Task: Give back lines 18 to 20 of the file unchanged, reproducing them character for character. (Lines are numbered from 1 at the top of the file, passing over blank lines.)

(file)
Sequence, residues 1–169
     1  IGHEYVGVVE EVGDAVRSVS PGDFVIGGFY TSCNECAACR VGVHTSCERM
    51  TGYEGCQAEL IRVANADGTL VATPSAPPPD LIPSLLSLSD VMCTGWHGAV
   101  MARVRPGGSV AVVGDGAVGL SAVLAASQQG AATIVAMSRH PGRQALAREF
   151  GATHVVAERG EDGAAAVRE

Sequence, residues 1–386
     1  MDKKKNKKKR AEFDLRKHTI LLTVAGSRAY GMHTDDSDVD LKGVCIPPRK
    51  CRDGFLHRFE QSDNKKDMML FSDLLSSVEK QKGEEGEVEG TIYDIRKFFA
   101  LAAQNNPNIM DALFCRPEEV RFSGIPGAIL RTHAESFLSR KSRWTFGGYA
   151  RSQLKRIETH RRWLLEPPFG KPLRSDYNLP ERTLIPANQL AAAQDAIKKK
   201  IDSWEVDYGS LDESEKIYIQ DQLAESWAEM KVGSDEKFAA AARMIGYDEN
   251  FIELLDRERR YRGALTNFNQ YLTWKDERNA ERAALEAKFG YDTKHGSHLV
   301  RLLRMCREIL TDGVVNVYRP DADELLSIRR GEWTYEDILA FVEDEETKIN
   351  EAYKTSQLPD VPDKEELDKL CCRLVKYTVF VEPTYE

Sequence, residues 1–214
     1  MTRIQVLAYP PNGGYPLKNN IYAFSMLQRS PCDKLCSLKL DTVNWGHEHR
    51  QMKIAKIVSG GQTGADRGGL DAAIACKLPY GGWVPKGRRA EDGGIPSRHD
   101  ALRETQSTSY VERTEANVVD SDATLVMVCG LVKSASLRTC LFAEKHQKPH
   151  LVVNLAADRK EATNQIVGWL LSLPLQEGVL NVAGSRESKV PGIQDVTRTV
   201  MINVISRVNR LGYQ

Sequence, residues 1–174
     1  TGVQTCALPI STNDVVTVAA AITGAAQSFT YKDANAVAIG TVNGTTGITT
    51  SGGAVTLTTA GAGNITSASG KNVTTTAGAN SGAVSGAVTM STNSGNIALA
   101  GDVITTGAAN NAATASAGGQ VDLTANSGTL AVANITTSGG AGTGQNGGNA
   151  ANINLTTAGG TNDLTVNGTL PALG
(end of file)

   101  ALRETQSTSY VERTEANVVD SDATLVMVCG LVKSASLRTC LFAEKHQKPH
   151  LVVNLAADRK EATNQIVGWL LSLPLQEGVL NVAGSRESKV PGIQDVTRTV
   201  MINVISRVNR LGYQ